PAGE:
Yes, it’s exciting to see so many interesting faces and sculpted bodies on an app. But you should be aware that there are fake accounts, and catfishers, and a lot of dishonest folks on dating apps. This makes a good screening process crucial. Before you connect, try and make sure the other person is genuine. The easiest way to do this is to check if their account is verified – this should be the first step, no matter how good a profile looks. Next, do an online search and see whether the information on their profile checks out. There should also be enough information to make you feel that the other person is authentic. Stay away from accounts with one photo, one-liners, and vague or no details. If they don’t make the effort to present themselves properly, then they’re either not really interested or it’s a fake account. Swipe no either way!
- DO: Look out for the Red Flags
It’s not just about fake accounts, there are also people who share misleading images or information on their accounts. How do you tackle these? A simple way is to look at their photos more closely and notice the small details. Some warning signs are that images are too professional or curated (can they portray themselves genuinely, is what you should be looking at), do they look different in different photos (aka is this the same person?), and does the stated age match the photos? Some other giveaways are that pics are too old or grainy, and that there don’t seem to be any selfies (especially for millennials or Gen Z) or smartphone-era pics. Another way to get more information or to ensure the information they have shared is genuine is by asking questions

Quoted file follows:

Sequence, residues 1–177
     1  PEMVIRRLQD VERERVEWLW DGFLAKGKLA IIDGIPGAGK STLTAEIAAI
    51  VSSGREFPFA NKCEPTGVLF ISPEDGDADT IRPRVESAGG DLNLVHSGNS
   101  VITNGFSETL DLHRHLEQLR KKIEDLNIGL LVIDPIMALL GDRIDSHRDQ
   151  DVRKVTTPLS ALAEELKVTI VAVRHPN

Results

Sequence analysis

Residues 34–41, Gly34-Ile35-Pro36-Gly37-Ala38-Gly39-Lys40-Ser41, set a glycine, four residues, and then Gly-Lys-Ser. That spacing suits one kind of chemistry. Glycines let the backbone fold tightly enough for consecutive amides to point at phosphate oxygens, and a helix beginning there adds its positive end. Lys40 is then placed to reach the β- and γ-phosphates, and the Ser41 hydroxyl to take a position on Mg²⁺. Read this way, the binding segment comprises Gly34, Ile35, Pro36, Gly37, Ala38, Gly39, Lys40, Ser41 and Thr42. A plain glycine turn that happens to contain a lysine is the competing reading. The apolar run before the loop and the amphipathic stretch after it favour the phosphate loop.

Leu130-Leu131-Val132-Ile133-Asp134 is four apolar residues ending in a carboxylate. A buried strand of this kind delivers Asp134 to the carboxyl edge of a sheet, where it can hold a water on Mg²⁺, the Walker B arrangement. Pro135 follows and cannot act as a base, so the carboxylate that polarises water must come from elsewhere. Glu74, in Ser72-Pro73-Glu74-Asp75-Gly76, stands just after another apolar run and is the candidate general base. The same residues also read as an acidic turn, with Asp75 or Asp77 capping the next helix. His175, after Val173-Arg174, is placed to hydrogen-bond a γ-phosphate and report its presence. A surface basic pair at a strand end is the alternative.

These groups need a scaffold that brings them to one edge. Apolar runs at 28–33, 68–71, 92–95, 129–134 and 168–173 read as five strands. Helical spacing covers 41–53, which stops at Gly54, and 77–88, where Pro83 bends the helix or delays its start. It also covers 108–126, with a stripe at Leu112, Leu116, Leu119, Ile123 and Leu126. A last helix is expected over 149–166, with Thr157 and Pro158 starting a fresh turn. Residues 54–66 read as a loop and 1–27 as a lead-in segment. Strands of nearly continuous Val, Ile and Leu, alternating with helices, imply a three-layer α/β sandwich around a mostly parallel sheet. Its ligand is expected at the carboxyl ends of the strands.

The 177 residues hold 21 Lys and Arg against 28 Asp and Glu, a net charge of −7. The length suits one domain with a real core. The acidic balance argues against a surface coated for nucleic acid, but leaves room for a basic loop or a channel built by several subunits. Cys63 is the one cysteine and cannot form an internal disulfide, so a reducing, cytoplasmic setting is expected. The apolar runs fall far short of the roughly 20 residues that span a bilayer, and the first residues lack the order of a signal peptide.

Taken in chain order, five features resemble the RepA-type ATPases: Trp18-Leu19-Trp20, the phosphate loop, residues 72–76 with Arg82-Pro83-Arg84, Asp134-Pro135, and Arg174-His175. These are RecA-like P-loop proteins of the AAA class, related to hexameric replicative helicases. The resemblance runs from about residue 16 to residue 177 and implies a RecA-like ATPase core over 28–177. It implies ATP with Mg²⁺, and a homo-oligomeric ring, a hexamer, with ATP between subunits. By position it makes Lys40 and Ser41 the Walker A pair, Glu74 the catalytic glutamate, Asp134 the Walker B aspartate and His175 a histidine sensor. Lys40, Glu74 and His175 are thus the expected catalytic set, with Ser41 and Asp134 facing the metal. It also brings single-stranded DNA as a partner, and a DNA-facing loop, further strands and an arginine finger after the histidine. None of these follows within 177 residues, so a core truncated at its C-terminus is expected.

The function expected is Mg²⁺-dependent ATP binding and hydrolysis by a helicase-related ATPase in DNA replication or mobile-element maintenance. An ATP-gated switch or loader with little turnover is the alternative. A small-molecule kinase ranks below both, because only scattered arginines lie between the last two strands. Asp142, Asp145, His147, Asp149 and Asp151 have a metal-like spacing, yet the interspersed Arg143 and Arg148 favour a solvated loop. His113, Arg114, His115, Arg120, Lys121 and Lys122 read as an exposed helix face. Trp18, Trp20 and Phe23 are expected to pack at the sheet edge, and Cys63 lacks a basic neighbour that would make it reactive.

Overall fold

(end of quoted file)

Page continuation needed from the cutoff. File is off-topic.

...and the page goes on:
- DO: Ask Questions
Once you’ve connected with someone and are trying to gauge who they are, don’t be afraid to ask questions. Communication is, after all, a key part of dating and relationship building. You want to be sure they are genuine and that you will gel well. Whether it’s conversation starters or serious topics related to values and goals, questions will go a long way in forming an idea of who the other person is, and whether they are potential date material. If they aren’t interested in conversing or revealing more about themselves, then they probably aren’t the right person for you. If they seem hostile about answering your questions then you can confidently bid them farewell even before meeting up.
- DO: Know what Safety Features and Resources are at your disposal
Keeping yourself safe and happy is the most important consideration when using online dating apps. After all, if you are online to make connections and meet that special someone, it shouldn’t be at the cost of your wellbeing. Dating apps have various safety measures, so do spend a little time learning about them, and knowing what to do in case you find yourself in a tight spot. Harassment and abuse are never ok. Report them, and report any other inappropriate behaviour, so that the administrators can take the necessary action. You’ll be doing yourself and other users a big favour too.
You’ve realised by now that safety and security should be a key aspect of your online dating journey, and it’s not too difficult to include this in your dating routine. I’ve put these together based on my own experiences, and I hope you find them helpful. If you have any other useful hacks, I’d love to hear about it! You can drop me a line at firstname.lastname@example.org or comment on my LinkedIn or Facebook pages on this topic.